Another day, another political bombshell. This time from Boris Johnson
Boris Johnson has announced today that he will not be running for the Tory leadership. After a bitter Brexit campaign that has split the country down the middle, Boris Johnson was expected to announce his leadership bid today.
However, in a shock move Boris Johnson has announced that he will not be running after all. In a press conference statement just after the Tory leadership deadline had passed, Johnson told a group of assembled press: ‘Having consulted colleagues and in view of the circumstances in parliament, I have concluded that that person cannot be me.’
Johnson has been vilified by the Remain camp since the Brexit result was announced last Friday. He was booed when he left his home the morning after the vote, with a team of cyclists even obstructing the path of his car. Many have suggested that his backing of the Leave campaign was to advance his career and he was in fact privately pro-Remain.
After keeping quiet over the weekend, on Monday he made a statement via his column in The Telegraph insisting that Britain could be stronger outside of the EU. Despite being tipped as David Cameron’s successor pre-referendum, after a dip in his popularity both within the Tory party and with the general public, Johnson has now stepped out of the race.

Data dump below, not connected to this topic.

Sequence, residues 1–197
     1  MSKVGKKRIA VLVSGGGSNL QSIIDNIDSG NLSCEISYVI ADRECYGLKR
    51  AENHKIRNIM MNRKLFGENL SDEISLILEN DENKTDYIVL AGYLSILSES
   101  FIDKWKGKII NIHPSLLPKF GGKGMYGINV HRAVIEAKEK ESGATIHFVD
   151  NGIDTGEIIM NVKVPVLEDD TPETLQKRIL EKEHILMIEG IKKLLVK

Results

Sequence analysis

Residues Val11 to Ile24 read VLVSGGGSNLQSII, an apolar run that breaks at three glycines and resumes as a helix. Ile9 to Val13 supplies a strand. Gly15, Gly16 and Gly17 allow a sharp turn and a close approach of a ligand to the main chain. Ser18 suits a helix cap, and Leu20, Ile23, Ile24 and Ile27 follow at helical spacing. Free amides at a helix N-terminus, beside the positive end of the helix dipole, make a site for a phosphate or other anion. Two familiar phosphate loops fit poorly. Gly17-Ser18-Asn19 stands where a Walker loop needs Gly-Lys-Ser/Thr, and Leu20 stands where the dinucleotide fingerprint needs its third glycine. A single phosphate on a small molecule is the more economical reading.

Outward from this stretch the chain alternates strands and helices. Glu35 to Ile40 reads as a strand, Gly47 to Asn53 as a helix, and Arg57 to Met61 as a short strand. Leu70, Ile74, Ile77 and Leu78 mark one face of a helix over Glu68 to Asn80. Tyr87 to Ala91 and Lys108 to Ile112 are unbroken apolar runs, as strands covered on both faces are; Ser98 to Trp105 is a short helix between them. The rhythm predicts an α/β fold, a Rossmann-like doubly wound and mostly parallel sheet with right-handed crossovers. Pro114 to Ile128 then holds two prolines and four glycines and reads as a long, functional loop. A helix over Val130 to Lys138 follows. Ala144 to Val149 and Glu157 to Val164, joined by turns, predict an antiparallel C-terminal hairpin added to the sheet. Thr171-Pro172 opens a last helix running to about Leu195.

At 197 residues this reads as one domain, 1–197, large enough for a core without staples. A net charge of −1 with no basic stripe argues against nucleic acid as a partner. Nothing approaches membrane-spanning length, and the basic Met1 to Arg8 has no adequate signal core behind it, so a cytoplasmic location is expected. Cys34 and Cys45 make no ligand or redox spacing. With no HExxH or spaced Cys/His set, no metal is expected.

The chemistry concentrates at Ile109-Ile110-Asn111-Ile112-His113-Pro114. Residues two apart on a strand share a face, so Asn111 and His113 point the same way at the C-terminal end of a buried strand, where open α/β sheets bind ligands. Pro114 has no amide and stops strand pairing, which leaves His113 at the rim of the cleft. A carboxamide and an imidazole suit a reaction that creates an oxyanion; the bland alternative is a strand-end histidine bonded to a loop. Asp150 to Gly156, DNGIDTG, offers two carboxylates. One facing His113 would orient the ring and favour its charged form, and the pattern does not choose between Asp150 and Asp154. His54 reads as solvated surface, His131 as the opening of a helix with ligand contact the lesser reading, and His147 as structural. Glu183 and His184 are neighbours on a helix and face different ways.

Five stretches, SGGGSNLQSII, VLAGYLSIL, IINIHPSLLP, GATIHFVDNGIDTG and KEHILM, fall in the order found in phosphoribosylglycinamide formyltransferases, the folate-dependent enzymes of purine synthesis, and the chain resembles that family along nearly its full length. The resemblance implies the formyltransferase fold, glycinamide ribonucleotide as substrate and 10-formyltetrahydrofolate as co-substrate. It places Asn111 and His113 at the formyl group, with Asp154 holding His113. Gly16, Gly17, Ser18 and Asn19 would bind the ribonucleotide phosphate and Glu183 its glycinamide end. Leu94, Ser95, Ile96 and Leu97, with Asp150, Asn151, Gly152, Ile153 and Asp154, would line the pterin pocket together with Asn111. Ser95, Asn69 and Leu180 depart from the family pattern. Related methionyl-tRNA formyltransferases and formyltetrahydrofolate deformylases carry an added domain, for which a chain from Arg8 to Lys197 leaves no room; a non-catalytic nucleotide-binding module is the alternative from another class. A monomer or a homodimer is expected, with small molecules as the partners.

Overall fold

So who is in the running to be Tory leader?
Home Secretary Theresa May played it safe during the Referendum campaign by quietly backing the Remain camp. Many think her combination of experience – she is the longest-serving Home Secretary in 100 years – and ‘unflappable’ demeanour would help calm the country’s turbulent climate. She currently has a 36% lead in the polls.
Justice Secretary Gove had been widely expected to support Boris Johnson’s leadership bid. But in a shock split from his Brexit co-pilot, Gove has now announced he will stand himself, telling reporters he had ‘come to the conclusion that Boris cannot provide the leadership or build the team for the task ahead.’
A relative Cabinet newbie, Welsh politician Crabb only became Secretary of State for Work and Pensions in March. Pundits have said his working class roots could enable him to reach new voters, though the fact that he once voted against same-sex marriage won’t help his public image.
Fox was previously Defence Secretary before resigning in 2011. A Brexit supporter, he has said he wants to ‘paint an optimistic picture of our country’ and argues that his extensive experience in government makes him the right man for the job.
Pro-Leave Energy Minister Leadsom has also thrown her hat into the ring, saying she wants Great Britain to ‘make the most of Brexit opportunities.’